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Maxwell School
Maxwell / Department of Geography

Globalization, Development and Citizenship

At Syracuse, geographers research the relationship between flows and networks of activity, interaction and power that are producing an increasingly interconnected world, and the historical and geographical contexts within which the lives of people, and places, are being transformed. By focusing on globalization processes, we examine the complex and often contradictory mechanisms through which flows of capital, people, information and knowledge are sped-up, spread-out and made more intensive. By focusing on development, we pay particular attention to the inequalities created by these flows among groups, and in spaces and places that have been historically marginalized or subject to control within national and international systems. In both thematic areas, geographers seek to understand the forms of agency that individuals and groups employ to resist and transform the inequalities and exclusions associated with these processes. Current research includes transformations in local and regional labor market policies and governance in Canada and the United States under NAFTA; the impacts of restructuring of the global automobile industry; the role of rural peoples’ organizations in mediating resource access and management in Latin America; colonialism and Latin American development; the effects of gender representation in spaces of decision-making on political engagement and governance in the Caribbean; gender transformations in work within India’s software industry; bodily security and the flow of undocumented migrants across the Korean/Chinese border; rural livelihoods and struggles over nature in communities living within protected areas in highland Ecuador; the global commodification of bodies and the production of anti-obese space.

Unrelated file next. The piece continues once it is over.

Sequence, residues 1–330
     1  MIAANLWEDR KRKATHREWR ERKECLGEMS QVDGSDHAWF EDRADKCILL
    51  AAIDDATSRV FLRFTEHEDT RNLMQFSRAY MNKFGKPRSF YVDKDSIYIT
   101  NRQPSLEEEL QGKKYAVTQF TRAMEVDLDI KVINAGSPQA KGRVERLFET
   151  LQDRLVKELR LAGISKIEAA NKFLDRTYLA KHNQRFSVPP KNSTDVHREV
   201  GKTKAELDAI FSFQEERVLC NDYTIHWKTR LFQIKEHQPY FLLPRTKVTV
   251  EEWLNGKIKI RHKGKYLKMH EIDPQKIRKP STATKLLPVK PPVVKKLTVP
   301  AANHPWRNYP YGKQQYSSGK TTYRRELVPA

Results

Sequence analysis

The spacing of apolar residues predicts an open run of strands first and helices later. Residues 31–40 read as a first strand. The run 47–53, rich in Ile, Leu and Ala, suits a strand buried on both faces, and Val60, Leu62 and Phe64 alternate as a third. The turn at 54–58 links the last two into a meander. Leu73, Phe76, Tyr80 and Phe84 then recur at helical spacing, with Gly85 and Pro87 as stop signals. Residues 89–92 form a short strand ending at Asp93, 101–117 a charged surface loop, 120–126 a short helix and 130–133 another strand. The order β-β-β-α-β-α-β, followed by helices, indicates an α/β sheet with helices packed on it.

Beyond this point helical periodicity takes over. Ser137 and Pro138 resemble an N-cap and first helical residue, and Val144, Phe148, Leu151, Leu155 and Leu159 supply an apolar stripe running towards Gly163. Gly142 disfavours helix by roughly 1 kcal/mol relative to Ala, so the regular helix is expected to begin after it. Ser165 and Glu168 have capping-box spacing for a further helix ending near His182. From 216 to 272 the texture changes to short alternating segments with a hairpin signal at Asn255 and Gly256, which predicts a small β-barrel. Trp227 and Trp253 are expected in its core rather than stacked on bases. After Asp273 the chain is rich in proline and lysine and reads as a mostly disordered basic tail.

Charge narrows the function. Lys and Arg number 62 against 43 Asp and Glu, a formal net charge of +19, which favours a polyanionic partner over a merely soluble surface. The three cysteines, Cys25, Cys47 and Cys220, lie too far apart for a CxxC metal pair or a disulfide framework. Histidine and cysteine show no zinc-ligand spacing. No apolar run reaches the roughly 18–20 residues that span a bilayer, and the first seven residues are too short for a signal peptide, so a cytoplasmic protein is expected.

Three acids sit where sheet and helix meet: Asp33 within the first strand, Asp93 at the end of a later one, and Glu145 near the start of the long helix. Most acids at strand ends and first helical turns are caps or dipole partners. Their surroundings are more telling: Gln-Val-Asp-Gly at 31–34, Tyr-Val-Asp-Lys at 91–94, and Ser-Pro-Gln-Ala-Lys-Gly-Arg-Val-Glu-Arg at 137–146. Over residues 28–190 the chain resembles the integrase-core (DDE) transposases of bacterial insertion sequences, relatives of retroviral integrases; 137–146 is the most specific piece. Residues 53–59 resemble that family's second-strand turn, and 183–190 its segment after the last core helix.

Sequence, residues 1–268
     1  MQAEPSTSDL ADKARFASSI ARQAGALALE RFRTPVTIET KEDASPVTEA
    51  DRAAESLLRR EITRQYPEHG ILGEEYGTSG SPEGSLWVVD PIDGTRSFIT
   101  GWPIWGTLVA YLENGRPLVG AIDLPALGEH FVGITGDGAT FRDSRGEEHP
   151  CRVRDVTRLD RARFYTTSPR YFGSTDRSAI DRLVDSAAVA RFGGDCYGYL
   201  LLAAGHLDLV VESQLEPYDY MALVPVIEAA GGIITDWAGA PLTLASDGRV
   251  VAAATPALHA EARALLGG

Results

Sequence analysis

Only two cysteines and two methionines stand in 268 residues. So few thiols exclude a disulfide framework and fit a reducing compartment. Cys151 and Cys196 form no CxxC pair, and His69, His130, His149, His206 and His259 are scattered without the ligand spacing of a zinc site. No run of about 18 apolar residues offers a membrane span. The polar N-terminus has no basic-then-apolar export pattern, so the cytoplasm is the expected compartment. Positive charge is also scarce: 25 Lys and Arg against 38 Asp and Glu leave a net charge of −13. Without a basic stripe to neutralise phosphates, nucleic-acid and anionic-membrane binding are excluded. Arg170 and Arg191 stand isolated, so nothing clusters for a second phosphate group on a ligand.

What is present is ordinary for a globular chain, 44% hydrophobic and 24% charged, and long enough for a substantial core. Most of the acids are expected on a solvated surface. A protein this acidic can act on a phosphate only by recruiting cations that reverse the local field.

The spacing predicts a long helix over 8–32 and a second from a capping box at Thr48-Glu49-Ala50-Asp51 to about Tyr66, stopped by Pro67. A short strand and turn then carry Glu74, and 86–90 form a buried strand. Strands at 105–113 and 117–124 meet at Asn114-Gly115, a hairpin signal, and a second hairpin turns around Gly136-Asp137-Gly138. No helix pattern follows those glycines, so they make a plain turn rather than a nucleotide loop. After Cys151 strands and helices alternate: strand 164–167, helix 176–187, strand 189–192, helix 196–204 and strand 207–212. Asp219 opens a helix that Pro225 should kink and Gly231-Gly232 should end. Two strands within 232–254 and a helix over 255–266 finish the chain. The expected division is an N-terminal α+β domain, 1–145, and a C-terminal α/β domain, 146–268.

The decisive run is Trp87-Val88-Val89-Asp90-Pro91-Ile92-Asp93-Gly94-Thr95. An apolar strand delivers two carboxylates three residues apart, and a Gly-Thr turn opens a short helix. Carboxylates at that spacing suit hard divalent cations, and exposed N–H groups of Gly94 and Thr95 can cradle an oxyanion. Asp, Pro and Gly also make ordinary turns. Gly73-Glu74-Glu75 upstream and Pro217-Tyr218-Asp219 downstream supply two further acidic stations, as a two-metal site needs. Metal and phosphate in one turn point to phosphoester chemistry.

Matt Huber (Political Economy, Historical Geography, Energy and Capitalism, Oil, Resource Governance, and Social Theory)
Tom Perreault (Political ecology, environment and development, social movements, Latin America)
David Robinson (Colonial Spain and Portugal as the first historic globalization agencies; the Internet as a key current globalization process)
Tod Rutherford (Political economy; labor market restructuring and governance; labor and the global automobile industry)
Farhana Sultana (international development, environment-development, gender and globalization, South Asia)

Related Courses

GEO 105 World Geography
GEO 272 World Cultures 
GEO 273 World Political Economy 
GEO 311 The New North Americas
GEO 313 United States
GEO 321 Latin American Development: Spatial Aspects 
GEO 325 Colonialism in Latin America 
GEO 331 European Union 
GEO 340 Geography of Oil  
GEO 361 Global Economic Geography 
GEO 367 Gender in a Globalizing World 
GEO 372 Political Geography
GEO 374 Environment and Development in the Global South
GEO 388 Geographic Information & Society 
GEO 400 Water: Environment, Society, and Politics
GEO 400 The Greater Middle East
GEO 425 South Africa
GEO 430 Energy, History and Society 
GEO 440 Race and Space 
GEO 450 Geographies of Migration and Mobility 
GEO 463 Geography of Homelessness 

GEO 564 Urban Historical Geography 
GEO 573 Geography of Capital 
GEO 595 Geography of the Internet 

GEO 755 Seminar on Political Ecology
GEO 764/ANT 764/WGS 764 Gender and Globalization 
GEO 876/WGS 876 Feminist Geography